National: Why We Still Use Paper Ballots on Election Day | MeriTalk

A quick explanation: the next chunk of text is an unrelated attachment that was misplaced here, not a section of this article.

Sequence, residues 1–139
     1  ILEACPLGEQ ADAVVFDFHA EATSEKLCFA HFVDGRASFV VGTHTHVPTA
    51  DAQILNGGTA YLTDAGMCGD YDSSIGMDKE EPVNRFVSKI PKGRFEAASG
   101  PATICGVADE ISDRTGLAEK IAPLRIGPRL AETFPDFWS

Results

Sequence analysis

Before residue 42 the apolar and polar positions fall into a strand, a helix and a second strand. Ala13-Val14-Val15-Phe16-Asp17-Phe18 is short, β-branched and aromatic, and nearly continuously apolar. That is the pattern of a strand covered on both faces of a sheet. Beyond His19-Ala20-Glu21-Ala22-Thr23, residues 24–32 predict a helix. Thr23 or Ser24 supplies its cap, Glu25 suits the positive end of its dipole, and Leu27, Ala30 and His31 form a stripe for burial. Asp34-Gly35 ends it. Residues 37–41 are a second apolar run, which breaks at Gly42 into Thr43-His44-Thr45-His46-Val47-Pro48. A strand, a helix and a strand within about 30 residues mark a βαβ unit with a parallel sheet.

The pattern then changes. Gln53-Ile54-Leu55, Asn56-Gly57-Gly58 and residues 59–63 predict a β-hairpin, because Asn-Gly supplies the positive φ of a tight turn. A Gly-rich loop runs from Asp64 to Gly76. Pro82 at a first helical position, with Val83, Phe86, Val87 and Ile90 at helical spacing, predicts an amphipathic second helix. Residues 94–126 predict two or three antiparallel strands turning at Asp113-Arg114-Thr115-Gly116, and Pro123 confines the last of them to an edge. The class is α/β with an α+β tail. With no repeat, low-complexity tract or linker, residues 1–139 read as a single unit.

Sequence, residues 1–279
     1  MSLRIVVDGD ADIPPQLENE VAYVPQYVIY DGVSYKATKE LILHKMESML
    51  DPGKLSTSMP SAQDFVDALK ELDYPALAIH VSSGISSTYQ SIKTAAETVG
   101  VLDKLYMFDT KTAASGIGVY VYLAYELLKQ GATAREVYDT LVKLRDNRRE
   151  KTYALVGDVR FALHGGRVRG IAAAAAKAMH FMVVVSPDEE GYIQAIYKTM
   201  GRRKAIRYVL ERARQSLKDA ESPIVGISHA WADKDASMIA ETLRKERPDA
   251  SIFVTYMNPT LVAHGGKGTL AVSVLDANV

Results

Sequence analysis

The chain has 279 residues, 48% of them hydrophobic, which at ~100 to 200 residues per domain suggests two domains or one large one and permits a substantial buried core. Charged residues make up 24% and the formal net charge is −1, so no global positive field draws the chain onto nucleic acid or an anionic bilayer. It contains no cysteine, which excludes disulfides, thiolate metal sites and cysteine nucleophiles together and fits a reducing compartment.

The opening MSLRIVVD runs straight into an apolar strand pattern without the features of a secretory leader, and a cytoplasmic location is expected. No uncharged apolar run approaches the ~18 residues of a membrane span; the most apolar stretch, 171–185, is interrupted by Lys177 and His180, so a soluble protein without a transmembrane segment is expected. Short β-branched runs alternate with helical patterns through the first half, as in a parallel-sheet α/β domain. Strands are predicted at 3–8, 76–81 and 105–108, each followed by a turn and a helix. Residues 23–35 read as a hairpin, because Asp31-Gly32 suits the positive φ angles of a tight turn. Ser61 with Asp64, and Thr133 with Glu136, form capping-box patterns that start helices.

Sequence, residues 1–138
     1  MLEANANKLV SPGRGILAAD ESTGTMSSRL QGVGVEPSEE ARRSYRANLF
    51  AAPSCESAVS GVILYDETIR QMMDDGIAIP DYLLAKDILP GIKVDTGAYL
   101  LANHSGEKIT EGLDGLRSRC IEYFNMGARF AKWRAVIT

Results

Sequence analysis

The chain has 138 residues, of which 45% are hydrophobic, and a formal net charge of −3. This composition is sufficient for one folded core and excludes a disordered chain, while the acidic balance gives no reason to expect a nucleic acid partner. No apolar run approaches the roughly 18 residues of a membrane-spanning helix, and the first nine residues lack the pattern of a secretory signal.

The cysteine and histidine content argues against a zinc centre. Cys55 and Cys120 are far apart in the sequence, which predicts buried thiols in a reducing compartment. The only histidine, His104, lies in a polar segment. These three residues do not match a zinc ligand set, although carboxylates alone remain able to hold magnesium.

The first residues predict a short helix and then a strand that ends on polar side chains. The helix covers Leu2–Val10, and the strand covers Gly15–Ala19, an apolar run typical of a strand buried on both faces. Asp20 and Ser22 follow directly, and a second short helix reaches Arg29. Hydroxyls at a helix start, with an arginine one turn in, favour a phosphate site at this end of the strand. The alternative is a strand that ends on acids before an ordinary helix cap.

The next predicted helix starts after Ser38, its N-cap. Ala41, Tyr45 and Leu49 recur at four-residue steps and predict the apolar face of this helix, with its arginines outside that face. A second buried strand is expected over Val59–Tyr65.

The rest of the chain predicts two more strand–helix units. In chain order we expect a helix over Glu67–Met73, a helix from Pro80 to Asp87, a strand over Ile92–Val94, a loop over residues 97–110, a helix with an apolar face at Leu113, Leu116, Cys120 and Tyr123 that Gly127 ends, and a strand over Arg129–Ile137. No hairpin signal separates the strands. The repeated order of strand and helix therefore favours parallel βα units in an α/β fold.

The vast majority of tech-savvy voters heading to the polls today across Connecticut, Delaware, Maryland, Pennsylvania, and Rhode Island, are in for the shock of their lives: paper ballots. They’re not the kind of paper ballot that you fold in half and slip through a hole in a ballot box, but a semi-high-tech optical scan ballot that is first marked by the voter and then processed by the optical scanner to tabulate the votes. All of the states holding primaries Tuesday, with the exception of Delaware, use paper ballots or a combination of paper and electronic systems. This is the new reality facing elections in the United States. The most connected country in the world has connected so many devices that securing all of them—including the once highly touted electronic voting machine—is a near impossibility. Add to the security concerns real questions about transparency, reliability, and the ability to conduct fair and accurate recounts, and you have the makings for a mass move back to paper ballots. “Based on what I’m seeing and how slowly technology evolves in the elections world, we will still be on paper over the next five to 10 years,” said Matthew Davis, the chief information officer for the Virginia Department of Elections. Davis spoke to MeriTalk at the 2016 Akamai Government Forum in Washington, D.C.